The participatory element of the performance made me feel like I was part of a candid process; creating my destiny along with the rest of the audience, and yet, this performance has a narrative arc comparable to a novel or film. Has your working in many different mediums meant that they have bled into each other? Is there something to be gained from the participatory element that you can’t do in books and films?
I’ve been performing longer than I’ve done anything else, and after I made my first feature, there was sort of a question of—performing helped me a lot to the path of making this feature, but why would I continue doing it now, given that I have a much bigger audience and another way to tell stories that’s so effective? What I came to is that the reason to perform is that you’re really there with people and you get the medium of the present moment, and the audience itself. And you don’t have that in a book or a movie.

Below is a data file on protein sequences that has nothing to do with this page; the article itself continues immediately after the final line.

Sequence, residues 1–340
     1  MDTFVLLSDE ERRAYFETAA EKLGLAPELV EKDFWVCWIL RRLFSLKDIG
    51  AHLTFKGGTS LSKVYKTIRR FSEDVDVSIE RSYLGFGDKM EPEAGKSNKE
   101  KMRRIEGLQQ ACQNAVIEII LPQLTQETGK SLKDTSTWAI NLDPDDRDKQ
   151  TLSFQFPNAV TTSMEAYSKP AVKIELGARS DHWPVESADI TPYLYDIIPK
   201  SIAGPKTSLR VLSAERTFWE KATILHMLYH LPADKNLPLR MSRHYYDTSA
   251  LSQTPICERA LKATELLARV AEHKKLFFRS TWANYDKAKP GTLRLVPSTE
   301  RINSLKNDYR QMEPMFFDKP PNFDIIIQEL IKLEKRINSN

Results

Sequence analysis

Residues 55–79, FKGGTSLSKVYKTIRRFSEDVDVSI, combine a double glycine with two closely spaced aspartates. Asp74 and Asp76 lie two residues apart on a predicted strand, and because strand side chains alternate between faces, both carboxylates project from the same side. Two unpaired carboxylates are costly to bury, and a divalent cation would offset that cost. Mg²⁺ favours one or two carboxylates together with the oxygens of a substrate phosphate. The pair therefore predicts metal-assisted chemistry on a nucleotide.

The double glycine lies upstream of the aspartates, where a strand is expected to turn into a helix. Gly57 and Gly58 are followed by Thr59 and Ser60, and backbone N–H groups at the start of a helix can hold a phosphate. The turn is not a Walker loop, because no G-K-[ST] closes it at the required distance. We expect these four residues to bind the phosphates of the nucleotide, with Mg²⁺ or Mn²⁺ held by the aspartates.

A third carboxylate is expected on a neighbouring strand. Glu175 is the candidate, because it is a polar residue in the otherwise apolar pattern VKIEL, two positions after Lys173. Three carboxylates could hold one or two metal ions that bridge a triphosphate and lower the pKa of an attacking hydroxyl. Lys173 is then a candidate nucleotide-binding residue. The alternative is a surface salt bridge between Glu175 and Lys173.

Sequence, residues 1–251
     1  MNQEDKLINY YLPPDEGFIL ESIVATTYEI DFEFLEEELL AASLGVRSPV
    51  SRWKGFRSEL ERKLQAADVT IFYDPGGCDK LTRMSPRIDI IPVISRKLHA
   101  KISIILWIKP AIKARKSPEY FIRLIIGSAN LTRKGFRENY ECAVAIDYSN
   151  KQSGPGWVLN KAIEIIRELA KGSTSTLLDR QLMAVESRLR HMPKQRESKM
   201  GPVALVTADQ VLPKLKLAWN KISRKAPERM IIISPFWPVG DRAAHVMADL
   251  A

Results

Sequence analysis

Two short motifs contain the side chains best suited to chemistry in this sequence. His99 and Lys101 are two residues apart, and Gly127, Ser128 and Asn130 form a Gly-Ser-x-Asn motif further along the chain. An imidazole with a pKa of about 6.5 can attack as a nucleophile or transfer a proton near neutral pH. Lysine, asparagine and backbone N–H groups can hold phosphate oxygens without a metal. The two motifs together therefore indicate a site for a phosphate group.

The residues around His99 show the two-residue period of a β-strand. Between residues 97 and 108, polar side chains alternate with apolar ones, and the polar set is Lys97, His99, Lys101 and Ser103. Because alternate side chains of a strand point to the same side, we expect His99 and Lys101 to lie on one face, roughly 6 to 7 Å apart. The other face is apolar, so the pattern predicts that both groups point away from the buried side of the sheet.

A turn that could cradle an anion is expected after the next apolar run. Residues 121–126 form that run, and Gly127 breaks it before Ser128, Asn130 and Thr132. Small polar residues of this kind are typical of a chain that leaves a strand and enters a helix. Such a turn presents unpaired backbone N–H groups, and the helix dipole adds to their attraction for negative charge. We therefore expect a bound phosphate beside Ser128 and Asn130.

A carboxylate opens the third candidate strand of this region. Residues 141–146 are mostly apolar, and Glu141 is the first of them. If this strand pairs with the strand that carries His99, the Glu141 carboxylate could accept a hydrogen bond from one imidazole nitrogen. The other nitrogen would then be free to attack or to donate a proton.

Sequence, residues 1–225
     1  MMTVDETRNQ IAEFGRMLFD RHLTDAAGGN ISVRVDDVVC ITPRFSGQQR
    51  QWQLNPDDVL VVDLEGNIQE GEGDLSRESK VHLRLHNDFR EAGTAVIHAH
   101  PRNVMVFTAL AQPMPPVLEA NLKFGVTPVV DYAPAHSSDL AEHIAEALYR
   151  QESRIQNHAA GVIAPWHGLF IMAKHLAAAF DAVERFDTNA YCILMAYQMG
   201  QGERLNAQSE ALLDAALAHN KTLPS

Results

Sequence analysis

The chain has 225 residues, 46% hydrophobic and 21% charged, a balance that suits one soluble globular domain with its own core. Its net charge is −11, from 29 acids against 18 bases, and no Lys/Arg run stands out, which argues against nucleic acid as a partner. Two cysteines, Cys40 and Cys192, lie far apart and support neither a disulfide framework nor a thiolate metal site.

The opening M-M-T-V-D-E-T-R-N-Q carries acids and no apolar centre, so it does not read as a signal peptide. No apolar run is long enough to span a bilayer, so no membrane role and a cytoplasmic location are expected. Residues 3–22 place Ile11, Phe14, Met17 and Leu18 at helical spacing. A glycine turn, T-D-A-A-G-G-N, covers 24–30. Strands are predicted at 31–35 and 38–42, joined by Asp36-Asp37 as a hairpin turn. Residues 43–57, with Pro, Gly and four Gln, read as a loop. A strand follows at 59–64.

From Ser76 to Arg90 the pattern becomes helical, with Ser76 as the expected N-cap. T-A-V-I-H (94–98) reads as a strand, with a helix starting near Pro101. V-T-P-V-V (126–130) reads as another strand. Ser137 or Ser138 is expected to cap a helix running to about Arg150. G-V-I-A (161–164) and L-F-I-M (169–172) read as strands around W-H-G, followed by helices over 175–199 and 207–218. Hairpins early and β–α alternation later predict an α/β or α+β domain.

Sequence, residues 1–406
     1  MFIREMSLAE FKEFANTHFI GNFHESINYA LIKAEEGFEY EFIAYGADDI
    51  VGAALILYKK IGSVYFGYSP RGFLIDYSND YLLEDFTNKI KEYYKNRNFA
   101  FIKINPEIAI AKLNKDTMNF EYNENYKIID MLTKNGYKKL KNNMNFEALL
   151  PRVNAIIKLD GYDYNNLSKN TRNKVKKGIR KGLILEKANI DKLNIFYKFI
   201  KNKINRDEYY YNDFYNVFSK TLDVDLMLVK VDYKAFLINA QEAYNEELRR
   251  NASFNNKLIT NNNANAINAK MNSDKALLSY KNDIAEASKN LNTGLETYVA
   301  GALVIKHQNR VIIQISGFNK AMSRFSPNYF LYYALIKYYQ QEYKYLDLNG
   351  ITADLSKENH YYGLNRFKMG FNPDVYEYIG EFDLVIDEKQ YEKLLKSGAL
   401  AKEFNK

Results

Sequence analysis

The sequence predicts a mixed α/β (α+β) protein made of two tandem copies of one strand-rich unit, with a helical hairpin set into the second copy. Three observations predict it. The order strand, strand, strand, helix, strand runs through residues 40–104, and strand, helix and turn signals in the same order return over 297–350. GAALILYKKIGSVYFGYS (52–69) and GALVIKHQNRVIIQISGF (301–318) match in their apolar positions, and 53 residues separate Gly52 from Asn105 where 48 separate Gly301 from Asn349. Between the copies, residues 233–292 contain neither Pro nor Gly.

I saw the show alone, which in some ways felt ideal, as though I could be anyone in this new society, and they could all be anyone as well. I’m curious if, or how, you intended for the show to deal with the idea of authenticity—because the room is full of strangers, when an audience member is inserted into the narrative, we accept it as authentic, and each of us kind of recreates ourself to all fit this new narrative.
I didn’t consciously think about authenticity because I’m having people play parts in some cases—like reading letters that have been pre-written—and in some cases they become other characters, so I think it’s a shifting thing. If I’m interested in a kind of authenticity it doesn’t come about from some pure idea of being yourself. I think playing a role, especially in this kind of context, can reveal just as much, or more, and can set people free to release things that they’re not totally in control of, and I like that.